Floyd's Last Fling

It's a week where Floyd, a native of Kinsley, Kansas, has the opportunity to spend time with his own. As the Assistant Athletics Director of Development Events, Floyd has spent the past two decades working on the Catbacker Tour and has made countless relationships along the way.
However, this year - his final on the tour before retiring from K-State in just nine short days - has added meaning. 
"I've been at K-State for 20 years, and I make about five trips a year out here, so that's 100 trips to the Garden City and Scott City area," said Floyd on Wednesday night as he addressed the Scott City Catbackers for one final time before retiring. "I can tell you that every trip I've come out here, I've been met with open arms, respect and a great deal of kindness. Because of that, I've made lifelong friends." 
Floyd has been a key component in making the Catbacker Tour one of a kind. From Dodge City to Garden City to Scott City to Colby to Hays, he helps make sure each every event is running smoothly during the Western Swing, then he continues working hard through the summer with each of K-State's 23 other Catbacker events throughout the state.
"His hand writing, his personality and his thoughtfulness is all over this tour," said Mike Clark, former Wildcat baseball coach and K-State Athletics' Senior Director of Development. "Every place we go, everybody has a relationship with Lon Floyd. He's taken something that's started years and years ago, organized it and made it into the grassroots success that it is today. Every stop has its own story, and through the ups downs, no matter what, Lon's made it work."
Added the Voice of the Wildcats, Wyatt Thompson, about his friend, "The thing about Lon is, he's been around long enough and he knows everybody, but he relates to these people (out west) more so because these guys are his type of people. They're blue-collar, hard-working guys who are really, really passionate about K-State Athletics, and to me, that's what Lon's all about."
Thompson is 100 percent correct. Watch Floyd at any of the Catbacker events and you'll instantly notice his passion. Sporting blue jeans, cowboy boots and a sharp, pressed purple shirt with, of course, a Powercat embroidered on his pocket, he laughs, chats and reminisces about the Catbacker events of years past with his friends and fellow K-Staters. 
Floyd has made himself familiar in Western Kanas. He knows and loves the people, and the people love and know him as well.
"One of the things for us that is so nice about Lon is that he's one of us," said John Fairleigh, a friend of Floyd's from Scott City, Kansas. "He's a cattle guy. He identifies really well with this crowd out here. He always helps out; he's always here. He's always excited about K-State, and the one thing about him is the energy he brings to every event. He's brought that energy for a lot of years. He will be greatly missed."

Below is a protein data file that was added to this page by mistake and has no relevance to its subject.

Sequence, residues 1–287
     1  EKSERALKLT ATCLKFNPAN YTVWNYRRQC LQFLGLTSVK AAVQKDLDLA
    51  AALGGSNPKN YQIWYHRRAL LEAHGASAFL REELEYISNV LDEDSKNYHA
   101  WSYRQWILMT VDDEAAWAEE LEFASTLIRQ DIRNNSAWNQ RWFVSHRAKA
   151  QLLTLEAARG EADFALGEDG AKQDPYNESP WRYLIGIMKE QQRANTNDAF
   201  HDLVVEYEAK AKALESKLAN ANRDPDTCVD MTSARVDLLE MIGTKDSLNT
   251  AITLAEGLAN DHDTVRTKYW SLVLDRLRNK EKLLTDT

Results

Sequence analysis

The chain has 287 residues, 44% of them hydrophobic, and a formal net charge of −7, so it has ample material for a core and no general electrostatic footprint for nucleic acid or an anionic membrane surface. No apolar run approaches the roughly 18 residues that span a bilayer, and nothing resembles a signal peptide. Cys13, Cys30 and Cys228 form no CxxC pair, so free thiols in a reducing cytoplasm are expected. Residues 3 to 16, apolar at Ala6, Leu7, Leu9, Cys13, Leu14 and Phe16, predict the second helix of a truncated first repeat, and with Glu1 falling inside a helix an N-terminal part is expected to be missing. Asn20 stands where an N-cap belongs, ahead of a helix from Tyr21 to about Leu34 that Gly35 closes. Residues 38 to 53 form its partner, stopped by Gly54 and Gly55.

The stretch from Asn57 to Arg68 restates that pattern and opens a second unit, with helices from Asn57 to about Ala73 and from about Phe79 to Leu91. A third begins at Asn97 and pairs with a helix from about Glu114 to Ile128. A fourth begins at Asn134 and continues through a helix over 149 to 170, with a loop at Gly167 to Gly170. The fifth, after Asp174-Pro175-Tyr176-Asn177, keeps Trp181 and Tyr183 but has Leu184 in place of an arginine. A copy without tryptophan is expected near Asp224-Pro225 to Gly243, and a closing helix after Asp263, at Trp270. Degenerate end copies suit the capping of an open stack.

The Scott City "Fry" is one of Floyd's favorite stops on the tour, and rightly so. It takes place in a feedlot completely surrounded by cattle. Since the event is not in a traditional banquet hall or event center, the planning and preparation takes some time. The fryers, the food, the tables and the chairs are hauled in the morning of the Fry, and Floyd helps with all of it. 
The Scott City crew uses 70 gallons of oil to fry its 100 pounds of rocky mountain oysters to serve to its nearly 500 guests. It's a lot of work, but every year these K-Staters make it happen. 
"Until you get involved in something like this, you don't realize how much work goes in to putting this on. You don't realize that just a week ago, this place didn't look like it does right now," said Floyd. "It's a tremendous operation to get everything that's here out here, but this event's committee is just fantastic."
Every year on the Catbacker Tour, K-State Athletics and the K-State Alumni Association travel nearly 8,000 total miles from May to July to towns and cities state-wide and generate about $200,000-plus for the Ahearn Fund through the Catbacker clubs' events, raffles and auctions. 
And over the past 20 years, the tour's success can be credited much to Floyd's dedication and passion for K-Staters. 
"In my 20 years, my 100 trips from Manhattan out here, I cherish every one of them and every one of them has meant something to me," said a misty-eyed, emotional Floyd as he closed his speech. "My years with K-State have been more than I can ever explain, and I'm very proud to have been here for 20 years."
With that, the Scott City crowed erupted into applause and gave Floyd a standing ovation. 
"That is a good, good cowboy, right there," said Thompson about Floyd as the applause wound down and the evening's program continued. 
A good, good cowboy, indeed. 

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